A new permitted development (PD) right allowing agricultural buildings to be converted to homes came into force in April. But official data show that councils refused 52 per cent of agricultural to residential prior approval applications in the three months after the introduction of the rules (Planning, 10 October, p4).
Under the PD rules, developers must notify their local authority to determine whether prior approval will be required in relation to the scheme’s transport, highways and noise impacts, the site’s risk of contamination or flooding, and whether the location of the building "makes it otherwise impractical or undesirable" to change the use.
But responding to concerns about varying treatment of such conversion applications by different authorities, Quartermain told the British Institute of Agricultural Consultants’ rural planning conference that some authorities had been "tempted" to consider other matters when deciding prior approval applications.
He told delegates: "Prior approval is not planning approval light – it’s permitted development. Local authorities can’t bring in matters that are not conditions."
Tony Kernon of Kernon Countryside Consultants, who also spoke at the event in Oxfordshire, said there has been "huge variation" in the treatment of prior approval applications, with strong opposition to PD rights at some councils. "Where residential is considered to be inherently unsustainable I can understand the resistance," he said.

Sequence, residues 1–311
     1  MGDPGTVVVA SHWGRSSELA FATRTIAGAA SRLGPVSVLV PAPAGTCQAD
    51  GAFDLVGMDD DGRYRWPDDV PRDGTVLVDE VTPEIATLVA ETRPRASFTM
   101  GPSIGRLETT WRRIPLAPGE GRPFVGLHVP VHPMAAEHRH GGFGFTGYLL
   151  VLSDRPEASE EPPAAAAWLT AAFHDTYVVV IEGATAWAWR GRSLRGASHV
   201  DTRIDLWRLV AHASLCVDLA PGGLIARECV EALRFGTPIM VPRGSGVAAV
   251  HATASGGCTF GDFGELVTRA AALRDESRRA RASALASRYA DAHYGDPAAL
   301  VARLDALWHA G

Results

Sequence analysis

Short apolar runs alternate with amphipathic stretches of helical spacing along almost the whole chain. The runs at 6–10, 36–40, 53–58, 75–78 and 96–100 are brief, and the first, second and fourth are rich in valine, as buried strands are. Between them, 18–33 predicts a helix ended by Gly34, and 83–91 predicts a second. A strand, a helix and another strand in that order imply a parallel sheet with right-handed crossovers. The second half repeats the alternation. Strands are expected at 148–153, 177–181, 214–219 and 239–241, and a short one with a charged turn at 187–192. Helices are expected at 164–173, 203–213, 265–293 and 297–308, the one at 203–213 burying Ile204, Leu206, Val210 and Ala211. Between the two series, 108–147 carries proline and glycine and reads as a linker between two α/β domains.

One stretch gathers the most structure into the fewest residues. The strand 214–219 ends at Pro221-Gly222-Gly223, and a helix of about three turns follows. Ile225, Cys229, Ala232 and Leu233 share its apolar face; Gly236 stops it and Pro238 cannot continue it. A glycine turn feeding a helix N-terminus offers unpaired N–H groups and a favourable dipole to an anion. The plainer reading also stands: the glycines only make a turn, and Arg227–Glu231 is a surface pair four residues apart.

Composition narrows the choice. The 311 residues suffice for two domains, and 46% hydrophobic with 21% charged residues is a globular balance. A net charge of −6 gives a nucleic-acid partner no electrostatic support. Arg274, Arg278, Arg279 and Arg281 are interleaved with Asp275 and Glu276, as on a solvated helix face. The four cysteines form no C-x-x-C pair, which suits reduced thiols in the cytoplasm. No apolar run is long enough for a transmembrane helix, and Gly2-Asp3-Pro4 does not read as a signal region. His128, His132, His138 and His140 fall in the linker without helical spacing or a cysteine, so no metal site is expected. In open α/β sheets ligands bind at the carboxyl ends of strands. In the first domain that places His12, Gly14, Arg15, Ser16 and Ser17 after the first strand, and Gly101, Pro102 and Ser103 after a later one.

The National Planning Policy Framework states that planning authorities should avoid isolated homes in the countryside.
Stroud District Council head of planning Phill Skill said this is a major factor in barn conversion plans’ rejection. He said his council will consider whether a building’s location makes it "impractical or undesirable" for it to change to a residential use. "It needs to be a sustainable location," he said. "We are trying to get as many people as we can next to urban extensions."
Discussing why prior approval bids for barn conversion are often refused, he said the biggest reason is applicants being overambitious about the curtilage of the building.
Planning was a media partner of the rural planning conference.